It’s barely spring, and already Congress looks to be preparing the Capitol for legislative hibernation ahead of the November elections. Who can blame them? They are still recovering from last year.
In 2015, federal lawmakers faced a slew of must-pass deadlines: reauthorizing federal highway funding, resolving a debt ceiling crisis, dealing with restrictive budget caps, and writing a massive, year-end spending bill. Much like college midterms, the barrage of hard-stops forced Congress into what these days is an unnatural state of productivity.
Some of last year’s signature legislative agreements didn’t come in the face of hard deadlines – for example, a bipartisan overhaul of No Child Left Behind – but there’s little indication such feats will be repeated again.
This year, the only must-pass item on the agenda apart from funding the federal government is a reauthorization of the Federal Aviation Administration.
Both the House and Senate feature abbreviated calendars this year in order to allow for the parties’ national conventions. The House, currently out for a fortnight, will return in mid-April with only 15 scheduled legislative weeks before Nov. 8. The Senate has 17 weeks. Even those weeks in session probably give legislators too much credit. Both chambers have scheduled a month’s worth of work in September, when all attention will be on the fall campaigns, and little to nothing will work its way through Congress.
Even now, there is little legislative momentum for members once they return from their spring break.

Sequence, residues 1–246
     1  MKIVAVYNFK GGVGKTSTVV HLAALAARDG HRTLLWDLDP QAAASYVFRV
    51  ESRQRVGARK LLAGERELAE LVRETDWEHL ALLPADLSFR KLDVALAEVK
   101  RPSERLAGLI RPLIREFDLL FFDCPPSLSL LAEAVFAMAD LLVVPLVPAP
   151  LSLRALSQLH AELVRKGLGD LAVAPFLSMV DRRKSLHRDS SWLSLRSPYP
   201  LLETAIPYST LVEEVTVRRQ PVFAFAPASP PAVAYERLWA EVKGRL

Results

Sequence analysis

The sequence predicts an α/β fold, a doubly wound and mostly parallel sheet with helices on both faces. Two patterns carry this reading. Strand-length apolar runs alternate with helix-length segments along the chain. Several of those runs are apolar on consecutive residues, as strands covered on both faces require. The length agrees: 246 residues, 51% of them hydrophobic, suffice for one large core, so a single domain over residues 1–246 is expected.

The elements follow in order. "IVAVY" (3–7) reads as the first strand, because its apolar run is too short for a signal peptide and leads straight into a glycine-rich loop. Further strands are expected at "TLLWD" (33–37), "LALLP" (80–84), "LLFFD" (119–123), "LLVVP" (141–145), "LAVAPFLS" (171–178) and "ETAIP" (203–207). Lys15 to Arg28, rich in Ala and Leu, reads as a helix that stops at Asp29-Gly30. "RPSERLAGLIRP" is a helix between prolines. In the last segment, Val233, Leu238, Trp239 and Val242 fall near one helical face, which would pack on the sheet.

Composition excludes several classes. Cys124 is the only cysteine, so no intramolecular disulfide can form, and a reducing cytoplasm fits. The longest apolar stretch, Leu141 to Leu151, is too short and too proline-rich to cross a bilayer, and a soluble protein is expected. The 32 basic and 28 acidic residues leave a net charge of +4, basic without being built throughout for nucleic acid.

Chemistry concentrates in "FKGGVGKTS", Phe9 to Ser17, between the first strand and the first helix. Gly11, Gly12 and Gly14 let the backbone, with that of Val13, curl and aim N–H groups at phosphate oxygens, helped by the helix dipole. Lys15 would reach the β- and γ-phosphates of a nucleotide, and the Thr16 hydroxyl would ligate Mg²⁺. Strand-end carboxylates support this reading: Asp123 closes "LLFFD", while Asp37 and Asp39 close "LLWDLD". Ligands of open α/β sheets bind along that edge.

In the Senate, very little has made it off the floor. It has only passed two pieces of legislation this year, a bill authorizing grants to address the opioid and heroin crisis and a customs bill.
A bipartisan energy bill, which would be the first energy legislation of its kind to pass in almost a decade, has been relegated to the back burner for two months, largely over partisan disagreements on how to respond to the water crisis in Flint, Mich. A deal on providing federal aid to Flint has remained elusive despite weeks of furious negotiating by the state’s Democratic Sens. Debbie Stabenow and Gary Peters. Republicans are hesitant to approve new emergency appropriations before fully understanding the costs involved.
There is also drama over the Supreme Court, perhaps inuring people to the lack of action on the floor. The escalating battle over whether to grant a hearing or a vote to Merrick Garland, President Obama’s pick to replace the late Antonin Scalia on the Supreme Court, is getting a lot of airplay in the Senate.
In the House, a slow motion budget collision has served much the same purpose as the Senate’s Supreme Court debate, drawing attention away from inaction on other issues.
Fiscal hawks, especially within the House Freedom Caucus, don’t want to abide by a budget deal struck last fall, opposed by most House Republicans, that increased discretionary spending by $30 billion. The Freedom Caucus has already formally opposed the GOP budget plan, bringing into question whether any spending bills can receive debate and floor votes before the election.
As such, the past several weeks have been light on House legislation, something Minority Whip Steny Hoyer (D-Md.) highlighted last week. “This is a do-nothing week, which is to say it was like last week.” Hoyer told reporters last Tuesday. “We’re not doing anything. We’re not doing anything because Republicans are apparently so deeply divided … they’re unable to get together 218 votes [on a budget].”
But for GOP leaders, that’s not the point. They are pinning their hopes on a policy agenda program spearheaded by Speaker Paul Ryan (R-Wis.) that aims to craft a GOP policy platform for the election and congressional action next year. Working groups led by committee chairmen have been charged with producing in-depth policy proposals for topics such as health care, tax reform, and poverty.